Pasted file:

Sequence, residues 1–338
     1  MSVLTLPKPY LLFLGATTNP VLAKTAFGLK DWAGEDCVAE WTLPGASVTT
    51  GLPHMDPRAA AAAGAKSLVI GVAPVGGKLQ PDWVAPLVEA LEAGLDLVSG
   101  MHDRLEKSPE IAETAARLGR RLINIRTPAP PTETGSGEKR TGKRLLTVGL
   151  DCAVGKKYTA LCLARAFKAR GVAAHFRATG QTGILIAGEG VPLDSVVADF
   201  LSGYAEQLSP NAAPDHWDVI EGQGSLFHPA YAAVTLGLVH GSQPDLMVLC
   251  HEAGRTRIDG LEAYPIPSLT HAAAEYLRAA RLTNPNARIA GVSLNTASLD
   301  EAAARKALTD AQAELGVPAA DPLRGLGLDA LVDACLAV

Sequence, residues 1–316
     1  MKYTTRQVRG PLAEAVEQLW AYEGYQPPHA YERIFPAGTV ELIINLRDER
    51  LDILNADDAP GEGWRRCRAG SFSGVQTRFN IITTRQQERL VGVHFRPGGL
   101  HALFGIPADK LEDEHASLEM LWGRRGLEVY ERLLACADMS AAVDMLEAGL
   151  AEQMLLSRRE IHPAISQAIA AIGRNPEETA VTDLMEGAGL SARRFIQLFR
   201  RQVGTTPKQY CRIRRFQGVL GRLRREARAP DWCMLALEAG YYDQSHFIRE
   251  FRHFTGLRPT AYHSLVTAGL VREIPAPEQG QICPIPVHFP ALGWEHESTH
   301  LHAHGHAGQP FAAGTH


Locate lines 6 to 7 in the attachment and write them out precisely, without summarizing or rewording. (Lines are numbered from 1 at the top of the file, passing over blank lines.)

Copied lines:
   201  LSGYAEQLSP NAAPDHWDVI EGQGSLFHPA YAAVTLGLVH GSQPDLMVLC
   251  HEAGRTRIDG LEAYPIPSLT HAAAEYLRAA RLTNPNARIA GVSLNTASLD